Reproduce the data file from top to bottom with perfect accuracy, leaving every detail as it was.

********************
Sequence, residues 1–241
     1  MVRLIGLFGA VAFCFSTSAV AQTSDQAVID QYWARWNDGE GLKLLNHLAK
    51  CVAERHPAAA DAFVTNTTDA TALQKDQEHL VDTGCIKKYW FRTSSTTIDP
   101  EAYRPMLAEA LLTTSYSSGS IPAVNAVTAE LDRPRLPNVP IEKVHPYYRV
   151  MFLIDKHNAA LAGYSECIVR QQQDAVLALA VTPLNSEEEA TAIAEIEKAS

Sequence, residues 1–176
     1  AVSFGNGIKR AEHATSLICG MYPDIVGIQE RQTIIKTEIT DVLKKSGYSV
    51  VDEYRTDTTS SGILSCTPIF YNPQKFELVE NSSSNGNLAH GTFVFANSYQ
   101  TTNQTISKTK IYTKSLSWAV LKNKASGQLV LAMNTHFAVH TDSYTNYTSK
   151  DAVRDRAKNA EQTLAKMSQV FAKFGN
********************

Sequence, residues 1–241
     1  MVRLIGLFGA VAFCFSTSAV AQTSDQAVID QYWARWNDGE GLKLLNHLAK
    51  CVAERHPAAA DAFVTNTTDA TALQKDQEHL VDTGCIKKYW FRTSSTTIDP
   101  EAYRPMLAEA LLTTSYSSGS IPAVNAVTAE LDRPRLPNVP IEKVHPYYRV
   151  MFLIDKHNAA LAGYSECIVR QQQDAVLALA VTPLNSEEEA TAIAEIEKAS

Sequence, residues 1–176
     1  AVSFGNGIKR AEHATSLICG MYPDIVGIQE RQTIIKTEIT DVLKKSGYSV
    51  VDEYRTDTTS SGILSCTPIF YNPQKFELVE NSSSNGNLAH GTFVFANSYQ
   101  TTNQTISKTK IYTKSLSWAV LKNKASGQLV LAMNTHFAVH TDSYTNYTSK
   151  DAVRDRAKNA EQTLAKMSQV FAKFGN